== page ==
In its analysis, the Dura court analogized the federal securities law case there to common-law tort actions for deceit and misrepresentation. Id. at 341, 125 S.Ct. 1627. The Supreme Court rejected the Ninth Circuit's holding that loss causation is established by showing that “the price on the date of purchase was inflated because of the misrepresentation,” id. at 342, 125 S.Ct. 1627, and concluded that to properly plead loss causation in a fraud claim, a plaintiff must allege that the price fell after the truth came to light about a misrepresentation, and that the plaintiff suffered damages as a result, and even this may not be sufficient to show actual loss:
For one thing, as a matter of pure logic, at the moment the transaction takes place, the plaintiff has suffered no loss; the inflated purchase payment is offset by ownership of a share that at that instant possesses equivalent value. Moreover, the logical link between the inflated share purchase price and any later economic loss is not invariably strong. Shares are normally purchased with an eye toward a later sale. But if, say, the purchaser sells the shares quickly before the relevant truth begins to leak out, the misrepresentation will not have led to any loss. If the purchaser sells later after the truth makes its way into the market place, an initially inflated purchase price might mean a later loss. But that is far from inevitably so. When the purchaser subsequently resells such shares, even at a lower price, that lower price may reflect, not the earlier misrepresentation, but changed economic circumstances, changed investor expectations, new industry-specific or firm-specific facts, conditions, or other events, which taken separately or together account for some or all of that lower price․ Other things being equal, the longer the time between purchase and sale, the more likely that this is so, i.e., the more likely that other factors caused the loss.
Id. at 342-343, 125 S.Ct. 1627 (emphasis added).
The loss causation principle endorsed by Dura can be illustrated by a simple hypothetical: Assume an investor purchased 100 shares of Enzo for $12 per share on January 12, 2000, after the alleged misrepresentations were made. If the market had known the truth about the science, instead of trading for $12 per share, the stock would have traded for only $1 per share.
Plaintiffs in this case would have stopped the analysis there, contending that, on the very day of purchase, the investor has suffered a loss of $1,100-the difference between the price paid ($1,200) and the price that would have been paid ($100) had the true facts been known. This analysis ignores the fact that the true facts are not yet known and the hypothetical investor has not yet suffered a loss.*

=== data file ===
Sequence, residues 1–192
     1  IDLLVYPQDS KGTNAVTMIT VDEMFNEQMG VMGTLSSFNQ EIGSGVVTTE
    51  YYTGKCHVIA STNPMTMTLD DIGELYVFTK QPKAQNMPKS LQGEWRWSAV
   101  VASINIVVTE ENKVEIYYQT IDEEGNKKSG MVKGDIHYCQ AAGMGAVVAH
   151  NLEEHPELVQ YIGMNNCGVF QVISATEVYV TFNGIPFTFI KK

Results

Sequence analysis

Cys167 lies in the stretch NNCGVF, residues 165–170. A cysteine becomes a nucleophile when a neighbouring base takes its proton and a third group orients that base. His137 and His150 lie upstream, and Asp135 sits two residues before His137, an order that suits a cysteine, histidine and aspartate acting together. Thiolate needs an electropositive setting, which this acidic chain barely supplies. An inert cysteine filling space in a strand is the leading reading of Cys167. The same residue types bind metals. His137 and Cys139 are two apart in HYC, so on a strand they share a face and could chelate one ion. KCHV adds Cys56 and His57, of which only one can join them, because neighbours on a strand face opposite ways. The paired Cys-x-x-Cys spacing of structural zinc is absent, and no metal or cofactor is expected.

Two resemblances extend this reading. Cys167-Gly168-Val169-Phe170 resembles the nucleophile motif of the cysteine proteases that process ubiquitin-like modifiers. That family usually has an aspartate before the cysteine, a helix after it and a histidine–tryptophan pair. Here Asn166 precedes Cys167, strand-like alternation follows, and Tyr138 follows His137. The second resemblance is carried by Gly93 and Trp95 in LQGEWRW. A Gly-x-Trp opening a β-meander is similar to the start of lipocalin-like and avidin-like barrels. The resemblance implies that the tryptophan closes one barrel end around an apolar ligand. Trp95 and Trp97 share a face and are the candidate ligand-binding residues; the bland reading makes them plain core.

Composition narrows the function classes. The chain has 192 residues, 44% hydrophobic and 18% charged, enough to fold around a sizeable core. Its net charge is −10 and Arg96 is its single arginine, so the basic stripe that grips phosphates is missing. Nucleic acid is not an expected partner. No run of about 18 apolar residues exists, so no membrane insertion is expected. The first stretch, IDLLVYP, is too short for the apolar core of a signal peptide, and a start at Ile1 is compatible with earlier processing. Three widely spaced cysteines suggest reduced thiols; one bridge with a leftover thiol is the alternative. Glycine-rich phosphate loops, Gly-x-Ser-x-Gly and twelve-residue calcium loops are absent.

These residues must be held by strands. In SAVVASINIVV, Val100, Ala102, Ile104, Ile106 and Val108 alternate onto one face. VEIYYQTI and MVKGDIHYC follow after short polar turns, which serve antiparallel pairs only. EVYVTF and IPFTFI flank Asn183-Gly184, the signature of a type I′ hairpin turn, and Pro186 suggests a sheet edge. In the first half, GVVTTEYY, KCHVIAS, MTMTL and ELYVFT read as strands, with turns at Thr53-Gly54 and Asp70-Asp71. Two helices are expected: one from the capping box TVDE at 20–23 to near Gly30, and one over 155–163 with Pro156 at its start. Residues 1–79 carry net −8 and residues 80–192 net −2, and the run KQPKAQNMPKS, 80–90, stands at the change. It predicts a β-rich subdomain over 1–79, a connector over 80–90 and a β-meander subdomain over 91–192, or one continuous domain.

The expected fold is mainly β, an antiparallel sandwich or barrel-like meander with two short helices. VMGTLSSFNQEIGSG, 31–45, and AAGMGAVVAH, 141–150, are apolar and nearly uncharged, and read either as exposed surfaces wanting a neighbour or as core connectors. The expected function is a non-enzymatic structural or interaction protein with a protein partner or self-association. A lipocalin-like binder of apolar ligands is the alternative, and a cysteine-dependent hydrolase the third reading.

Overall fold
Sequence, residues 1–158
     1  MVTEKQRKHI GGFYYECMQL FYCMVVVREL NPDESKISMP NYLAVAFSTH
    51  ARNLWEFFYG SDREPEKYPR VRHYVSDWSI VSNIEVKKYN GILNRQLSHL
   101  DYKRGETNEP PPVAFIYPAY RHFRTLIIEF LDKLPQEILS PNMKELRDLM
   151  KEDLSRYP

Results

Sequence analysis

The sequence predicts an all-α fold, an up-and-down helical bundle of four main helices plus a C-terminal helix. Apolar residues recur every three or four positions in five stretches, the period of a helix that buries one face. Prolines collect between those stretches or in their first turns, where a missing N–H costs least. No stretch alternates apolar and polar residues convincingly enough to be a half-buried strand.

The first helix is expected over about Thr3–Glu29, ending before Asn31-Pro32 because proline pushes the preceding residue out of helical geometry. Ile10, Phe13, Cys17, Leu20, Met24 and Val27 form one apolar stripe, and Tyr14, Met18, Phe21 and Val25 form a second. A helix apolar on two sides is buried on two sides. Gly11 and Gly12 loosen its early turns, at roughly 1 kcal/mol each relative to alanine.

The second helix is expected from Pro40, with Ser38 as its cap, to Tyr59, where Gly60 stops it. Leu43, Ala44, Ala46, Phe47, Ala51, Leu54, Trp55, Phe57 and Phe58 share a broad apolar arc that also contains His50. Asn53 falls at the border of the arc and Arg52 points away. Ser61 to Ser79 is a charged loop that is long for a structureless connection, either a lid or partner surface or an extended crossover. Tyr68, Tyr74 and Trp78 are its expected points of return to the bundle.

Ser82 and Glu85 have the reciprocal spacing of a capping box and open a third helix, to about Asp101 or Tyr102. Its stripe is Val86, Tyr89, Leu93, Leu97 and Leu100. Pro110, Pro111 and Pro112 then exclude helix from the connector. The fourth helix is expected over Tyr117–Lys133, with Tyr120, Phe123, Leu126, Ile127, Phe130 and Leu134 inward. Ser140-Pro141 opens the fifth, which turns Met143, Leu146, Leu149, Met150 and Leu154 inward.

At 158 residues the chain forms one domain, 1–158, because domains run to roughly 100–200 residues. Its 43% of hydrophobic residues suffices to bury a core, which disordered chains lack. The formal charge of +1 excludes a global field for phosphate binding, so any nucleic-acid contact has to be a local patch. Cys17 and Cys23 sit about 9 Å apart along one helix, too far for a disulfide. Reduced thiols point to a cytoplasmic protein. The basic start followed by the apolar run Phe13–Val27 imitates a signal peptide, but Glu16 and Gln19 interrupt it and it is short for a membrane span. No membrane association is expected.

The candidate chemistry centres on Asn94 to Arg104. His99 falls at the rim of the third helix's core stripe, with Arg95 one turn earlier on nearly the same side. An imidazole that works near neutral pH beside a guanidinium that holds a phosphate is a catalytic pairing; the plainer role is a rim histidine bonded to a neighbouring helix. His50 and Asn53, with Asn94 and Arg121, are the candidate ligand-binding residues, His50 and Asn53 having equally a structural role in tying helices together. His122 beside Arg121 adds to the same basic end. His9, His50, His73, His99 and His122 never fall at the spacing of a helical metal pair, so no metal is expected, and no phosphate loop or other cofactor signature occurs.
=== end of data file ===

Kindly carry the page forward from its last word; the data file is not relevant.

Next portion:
If the stock later drops, as a result of normal market fluctuations, to $6 per share (again assuming the fraud has not yet been disclosed), then the investor owns stock worth only one-half of what was paid for it. If he sells at this point, he has lost $600 of his initial $1,200 investment, to be sure, but this loss was not caused by the fraudulent conduct, because, under the hypothetical, the market is still unaware of the misrepresentations.
It is only after the fraudulent conduct is disclosed to the investing public, followed by a drop in the value of the stock, that the hypothetical investor has suffered a “loss” that is actionable after the Supreme Court's decision in Dura. In other words, so long as the fraud is undisclosed, normal fluctuations in price attendant to any market may have a direct effect on the value of the investor's portfolio, but cannot be said to be a “loss” that is actionable under the federal securities laws, or as here, the common law of Virginia.
In Dura, the Supreme Court swept away precedent holding that it is enough to show causation if the alleged misrepresentation “touches upon” the economic loss. Id. at 343, 125 S.Ct. 1627. “To ‘touch upon’ a loss is not to cause a loss, and it is the latter that the law requires.” Id. (emphasis in original). A higher purchase price may lead to a “future loss” and may be a “necessary condition of any such loss,” the Court said, but it does not by itself show loss causation. Id.